A new study of the snow leopard’s habitat across the Tibetan plateau has found that Tibetan Buddhist monasteries may be better equipped than formal preservation programmes to protect the endangered cats from poaching, retaliatory killing by farmers and other deadly perils. The key is their ability to extend their influence across administrative boundaries and maintain safe space for the animals.
The research, led by Juan Li of Peking University and sponsored by the wildcat protection group Panthera, focused on the snow leopard’s habitat on the Sanjiangyuan Nature Reserve, a 360,000 sq km area in north-western China that holds the headwaters of the Mekong, Yellow and Yangzte Rivers. Researchers found that the region’s more than 300 Tibetan monasteries lie close to important snow leopard habitats, and that monks are critical to protecting the cats. About 4,000 snow leopards remain in China, most living in the Sanjiangyuan region.
“Monks on the Tibetan plateau serve as de facto wildlife guardians,” Panthera said in a news release about the study. “Tibetan Buddhism considers the snow leopard and its habitats strictly sacred, and the monks patrol wild landscapes surrounding monasteries to enforce strict edicts against killing wildlife.”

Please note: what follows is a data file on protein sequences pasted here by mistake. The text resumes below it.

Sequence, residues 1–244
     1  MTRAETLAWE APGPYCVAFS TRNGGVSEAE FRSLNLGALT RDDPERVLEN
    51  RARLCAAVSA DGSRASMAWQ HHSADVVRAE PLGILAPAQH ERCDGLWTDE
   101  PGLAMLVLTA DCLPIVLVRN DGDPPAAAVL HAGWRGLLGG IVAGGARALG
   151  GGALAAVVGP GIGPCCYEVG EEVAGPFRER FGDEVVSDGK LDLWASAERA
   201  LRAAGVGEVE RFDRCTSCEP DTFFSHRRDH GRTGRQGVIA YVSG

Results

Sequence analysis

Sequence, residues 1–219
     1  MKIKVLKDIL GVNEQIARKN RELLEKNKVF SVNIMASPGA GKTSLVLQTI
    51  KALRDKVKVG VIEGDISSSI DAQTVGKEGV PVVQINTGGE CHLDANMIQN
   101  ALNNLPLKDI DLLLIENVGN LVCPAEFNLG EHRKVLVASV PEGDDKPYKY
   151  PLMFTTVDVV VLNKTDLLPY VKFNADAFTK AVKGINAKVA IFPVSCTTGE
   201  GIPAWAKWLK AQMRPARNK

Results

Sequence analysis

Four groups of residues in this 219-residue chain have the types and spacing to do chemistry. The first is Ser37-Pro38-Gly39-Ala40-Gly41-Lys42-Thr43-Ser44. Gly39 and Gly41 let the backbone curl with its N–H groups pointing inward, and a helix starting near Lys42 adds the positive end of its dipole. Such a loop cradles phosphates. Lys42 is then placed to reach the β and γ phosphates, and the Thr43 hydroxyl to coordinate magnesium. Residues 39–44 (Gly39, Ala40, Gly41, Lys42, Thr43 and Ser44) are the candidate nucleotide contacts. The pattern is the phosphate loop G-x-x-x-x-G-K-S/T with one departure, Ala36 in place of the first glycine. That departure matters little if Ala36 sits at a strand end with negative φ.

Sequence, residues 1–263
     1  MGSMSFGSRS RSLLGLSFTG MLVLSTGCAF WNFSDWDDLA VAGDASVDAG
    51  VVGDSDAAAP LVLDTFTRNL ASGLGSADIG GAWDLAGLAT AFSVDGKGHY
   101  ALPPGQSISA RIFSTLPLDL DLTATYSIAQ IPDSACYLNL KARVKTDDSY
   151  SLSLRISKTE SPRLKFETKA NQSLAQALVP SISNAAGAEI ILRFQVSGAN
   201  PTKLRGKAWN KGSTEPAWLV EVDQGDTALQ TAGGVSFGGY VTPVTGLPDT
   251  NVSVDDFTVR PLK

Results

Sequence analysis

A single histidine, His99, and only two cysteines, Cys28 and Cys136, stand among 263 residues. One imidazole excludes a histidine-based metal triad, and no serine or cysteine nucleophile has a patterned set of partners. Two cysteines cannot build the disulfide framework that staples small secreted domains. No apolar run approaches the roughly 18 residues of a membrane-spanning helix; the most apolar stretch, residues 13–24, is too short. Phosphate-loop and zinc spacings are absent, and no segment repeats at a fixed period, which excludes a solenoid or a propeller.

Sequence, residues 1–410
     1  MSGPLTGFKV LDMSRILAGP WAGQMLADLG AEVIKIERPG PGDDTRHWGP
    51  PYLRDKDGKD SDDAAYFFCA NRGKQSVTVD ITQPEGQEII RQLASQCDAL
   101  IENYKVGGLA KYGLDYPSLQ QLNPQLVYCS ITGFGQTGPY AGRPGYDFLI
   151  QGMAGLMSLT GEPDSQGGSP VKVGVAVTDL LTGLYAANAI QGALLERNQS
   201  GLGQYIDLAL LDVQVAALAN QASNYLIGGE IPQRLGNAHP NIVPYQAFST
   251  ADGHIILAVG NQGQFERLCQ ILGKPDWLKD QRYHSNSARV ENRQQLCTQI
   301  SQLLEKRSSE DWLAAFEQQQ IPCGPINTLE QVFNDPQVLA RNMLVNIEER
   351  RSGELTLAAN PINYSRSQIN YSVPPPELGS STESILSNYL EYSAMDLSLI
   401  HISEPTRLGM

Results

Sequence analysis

Until recently Tibet had a thriving trade in wild animal skins. Tiger and leopard skins featured prominently in clothing. Monks were not allowed to kill animals, but they wore the skins. In January 2006 Tibet’s spiritual leader, the Dalai Lama, put an end to all that, calling on Tibetans to stop buying, selling and wearing wild animal skins. The displays, he said, were counter to Buddhist principles and within weeks Tibetans were burning tiger skins in the streets and the trade was halted.
Today, conservationists say, land near monasteries provides safe haven and cats tend to stay in close proximity. More....